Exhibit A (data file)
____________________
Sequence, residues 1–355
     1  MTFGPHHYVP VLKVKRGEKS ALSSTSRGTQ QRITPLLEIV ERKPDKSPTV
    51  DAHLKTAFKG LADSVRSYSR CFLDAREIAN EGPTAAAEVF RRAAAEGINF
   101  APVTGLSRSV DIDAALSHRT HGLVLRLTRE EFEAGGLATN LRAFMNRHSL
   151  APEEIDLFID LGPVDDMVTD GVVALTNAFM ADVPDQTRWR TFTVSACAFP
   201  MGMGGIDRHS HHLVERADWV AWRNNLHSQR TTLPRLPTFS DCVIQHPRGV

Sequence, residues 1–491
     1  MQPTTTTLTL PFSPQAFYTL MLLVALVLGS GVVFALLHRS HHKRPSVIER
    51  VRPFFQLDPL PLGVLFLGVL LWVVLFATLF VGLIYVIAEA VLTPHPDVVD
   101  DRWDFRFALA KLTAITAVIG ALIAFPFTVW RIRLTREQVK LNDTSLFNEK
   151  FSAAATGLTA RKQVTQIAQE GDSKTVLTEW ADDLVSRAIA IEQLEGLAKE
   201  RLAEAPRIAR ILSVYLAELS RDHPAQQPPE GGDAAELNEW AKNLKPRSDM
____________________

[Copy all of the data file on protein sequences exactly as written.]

Sequence, residues 1–355
     1  MTFGPHHYVP VLKVKRGEKS ALSSTSRGTQ QRITPLLEIV ERKPDKSPTV
    51  DAHLKTAFKG LADSVRSYSR CFLDAREIAN EGPTAAAEVF RRAAAEGINF
   101  APVTGLSRSV DIDAALSHRT HGLVLRLTRE EFEAGGLATN LRAFMNRHSL
   151  APEEIDLFID LGPVDDMVTD GVVALTNAFM ADVPDQTRWR TFTVSACAFP
   201  MGMGGIDRHS HHLVERADWV AWRNNLHSQR TTLPRLPTFS DCVIQHPRGV

Sequence, residues 1–491
     1  MQPTTTTLTL PFSPQAFYTL MLLVALVLGS GVVFALLHRS HHKRPSVIER
    51  VRPFFQLDPL PLGVLFLGVL LWVVLFATLF VGLIYVIAEA VLTPHPDVVD
   101  DRWDFRFALA KLTAITAVIG ALIAFPFTVW RIRLTREQVK LNDTSLFNEK
   151  FSAAATGLTA RKQVTQIAQE GDSKTVLTEW ADDLVSRAIA IEQLEGLAKE
   201  RLAEAPRIAR ILSVYLAELS RDHPAQQPPE GGDAAELNEW AKNLKPRSDM